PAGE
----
The delay between the announcement of a move in interest rates and the minutes of the meeting which inspired it is always a nuisance. After all, it would be very useful to know what is going through the minds of the Bank of England monetary policy committee as they come to their decisions. Well, now we know. The committee voted 8-1 in favour of a half point cut. That's a lot. It represents a huge gain for the doves, and it causes more than a slight worry as to what caused the hawkish members of the committee to change their minds.
In part of course, this is yet another example of the Bank working closely with the US Federal Reserve. For a number of reasons, the Fed has been forced to cut interest rates repeatedly over the past few months in its efforts to persuade the US economy to take off. However, with the Fed running out of runway, it would not help investor confidence in the US if the Bank of England indicated that it felt no need for a cut.
So the Bank of England cut, and quite deeply. That this can be done without causing inflation is yet another sign that the danger of a recession is increasing. The housing market is cooling, and unemployment is on the up, even when seasonal variation is discounted. This together with problems in the world economy shows that the bank is preparing for difficult times.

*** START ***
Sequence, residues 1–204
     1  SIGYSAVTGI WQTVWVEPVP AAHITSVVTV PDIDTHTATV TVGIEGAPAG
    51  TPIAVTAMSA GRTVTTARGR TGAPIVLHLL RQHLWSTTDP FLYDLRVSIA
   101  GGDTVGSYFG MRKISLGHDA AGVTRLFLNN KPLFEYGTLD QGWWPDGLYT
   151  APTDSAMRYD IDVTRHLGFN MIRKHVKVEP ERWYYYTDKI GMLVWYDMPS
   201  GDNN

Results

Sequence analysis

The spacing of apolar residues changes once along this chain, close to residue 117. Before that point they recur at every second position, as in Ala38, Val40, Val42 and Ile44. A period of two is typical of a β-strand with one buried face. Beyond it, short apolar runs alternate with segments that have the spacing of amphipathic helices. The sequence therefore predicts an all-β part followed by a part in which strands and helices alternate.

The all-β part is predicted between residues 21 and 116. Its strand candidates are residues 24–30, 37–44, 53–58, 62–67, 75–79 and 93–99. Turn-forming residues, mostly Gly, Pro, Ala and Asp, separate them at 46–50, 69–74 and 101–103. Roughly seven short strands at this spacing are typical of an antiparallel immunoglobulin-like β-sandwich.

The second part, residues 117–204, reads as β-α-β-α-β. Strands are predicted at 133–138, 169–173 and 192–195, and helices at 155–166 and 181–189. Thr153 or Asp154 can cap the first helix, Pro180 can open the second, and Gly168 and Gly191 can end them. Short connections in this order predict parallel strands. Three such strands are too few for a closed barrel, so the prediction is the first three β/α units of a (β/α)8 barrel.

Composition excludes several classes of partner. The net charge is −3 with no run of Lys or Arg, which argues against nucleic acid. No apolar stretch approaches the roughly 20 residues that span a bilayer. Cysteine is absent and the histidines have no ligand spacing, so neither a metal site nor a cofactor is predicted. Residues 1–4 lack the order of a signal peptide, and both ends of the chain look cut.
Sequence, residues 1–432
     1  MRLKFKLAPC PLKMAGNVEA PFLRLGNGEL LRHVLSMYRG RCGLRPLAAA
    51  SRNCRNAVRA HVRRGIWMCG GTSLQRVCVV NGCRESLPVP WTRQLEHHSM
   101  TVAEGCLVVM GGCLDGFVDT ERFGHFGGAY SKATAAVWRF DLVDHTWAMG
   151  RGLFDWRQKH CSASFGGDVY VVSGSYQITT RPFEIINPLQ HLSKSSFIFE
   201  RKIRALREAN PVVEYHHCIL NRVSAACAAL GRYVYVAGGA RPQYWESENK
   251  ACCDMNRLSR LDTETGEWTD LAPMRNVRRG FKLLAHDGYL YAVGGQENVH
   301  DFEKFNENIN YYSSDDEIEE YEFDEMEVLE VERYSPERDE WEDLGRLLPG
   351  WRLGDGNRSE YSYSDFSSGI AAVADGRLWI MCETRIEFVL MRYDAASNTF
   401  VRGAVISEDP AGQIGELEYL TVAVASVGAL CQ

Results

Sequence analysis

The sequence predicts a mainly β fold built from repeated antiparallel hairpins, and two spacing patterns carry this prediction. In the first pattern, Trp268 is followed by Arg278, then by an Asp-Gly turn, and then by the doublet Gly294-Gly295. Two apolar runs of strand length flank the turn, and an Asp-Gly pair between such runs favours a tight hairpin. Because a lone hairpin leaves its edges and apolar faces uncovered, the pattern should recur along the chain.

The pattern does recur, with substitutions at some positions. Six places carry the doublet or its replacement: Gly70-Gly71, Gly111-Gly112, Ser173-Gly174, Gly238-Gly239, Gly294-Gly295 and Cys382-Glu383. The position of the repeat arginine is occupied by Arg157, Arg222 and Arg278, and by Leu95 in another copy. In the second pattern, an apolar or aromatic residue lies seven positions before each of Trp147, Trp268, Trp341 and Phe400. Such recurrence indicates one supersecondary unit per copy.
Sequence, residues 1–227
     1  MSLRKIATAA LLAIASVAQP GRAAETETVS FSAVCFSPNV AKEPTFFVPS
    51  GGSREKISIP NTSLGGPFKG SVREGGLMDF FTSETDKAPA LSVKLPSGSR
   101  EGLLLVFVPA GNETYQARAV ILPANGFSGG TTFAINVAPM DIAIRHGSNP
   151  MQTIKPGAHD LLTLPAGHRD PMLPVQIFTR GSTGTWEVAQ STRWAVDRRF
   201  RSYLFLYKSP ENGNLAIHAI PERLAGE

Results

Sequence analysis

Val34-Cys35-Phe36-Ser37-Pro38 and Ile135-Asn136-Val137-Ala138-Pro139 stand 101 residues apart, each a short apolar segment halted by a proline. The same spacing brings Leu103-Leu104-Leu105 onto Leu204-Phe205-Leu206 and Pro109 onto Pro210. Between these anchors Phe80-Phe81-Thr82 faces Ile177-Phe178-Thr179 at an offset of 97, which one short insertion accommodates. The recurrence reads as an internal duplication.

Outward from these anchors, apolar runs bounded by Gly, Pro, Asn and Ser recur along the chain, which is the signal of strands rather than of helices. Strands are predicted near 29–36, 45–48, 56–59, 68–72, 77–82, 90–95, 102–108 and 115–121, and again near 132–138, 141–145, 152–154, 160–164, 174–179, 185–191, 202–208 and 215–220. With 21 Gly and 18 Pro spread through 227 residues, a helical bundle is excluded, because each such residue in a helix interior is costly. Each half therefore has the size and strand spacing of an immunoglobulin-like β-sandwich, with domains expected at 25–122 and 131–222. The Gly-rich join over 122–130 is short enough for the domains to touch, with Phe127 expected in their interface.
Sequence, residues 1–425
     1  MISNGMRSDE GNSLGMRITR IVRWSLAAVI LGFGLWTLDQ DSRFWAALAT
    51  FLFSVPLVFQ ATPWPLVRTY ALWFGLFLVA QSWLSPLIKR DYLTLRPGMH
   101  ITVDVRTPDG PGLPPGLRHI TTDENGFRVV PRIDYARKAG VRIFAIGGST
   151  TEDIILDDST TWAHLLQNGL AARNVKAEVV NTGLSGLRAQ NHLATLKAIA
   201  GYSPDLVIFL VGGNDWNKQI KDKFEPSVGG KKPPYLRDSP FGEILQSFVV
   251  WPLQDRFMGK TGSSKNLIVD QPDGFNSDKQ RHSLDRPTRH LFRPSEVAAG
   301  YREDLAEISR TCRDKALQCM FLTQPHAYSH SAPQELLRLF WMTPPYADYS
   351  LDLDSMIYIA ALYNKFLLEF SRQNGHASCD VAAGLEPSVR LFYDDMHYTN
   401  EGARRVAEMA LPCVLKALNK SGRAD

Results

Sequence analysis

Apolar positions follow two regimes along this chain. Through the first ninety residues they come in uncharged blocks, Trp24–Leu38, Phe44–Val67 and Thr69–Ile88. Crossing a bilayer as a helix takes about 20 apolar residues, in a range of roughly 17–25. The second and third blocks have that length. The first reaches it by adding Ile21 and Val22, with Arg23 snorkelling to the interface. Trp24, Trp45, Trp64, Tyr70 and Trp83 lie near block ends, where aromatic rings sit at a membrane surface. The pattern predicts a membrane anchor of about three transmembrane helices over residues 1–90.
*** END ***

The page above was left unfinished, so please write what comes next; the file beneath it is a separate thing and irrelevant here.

Of course, while the cut is bad news for savers, debtors will be cheering. As Britain is mostly a nation of debtors (thanks to the huge number of mortgages out there) this is generally good news. The market rose on the back of the announcement, with heavily indebted companies such as Macroni and Belshem's doing especially well. Shares have even soared at Rhymington FC, which borrowed a lot of money to buy top players.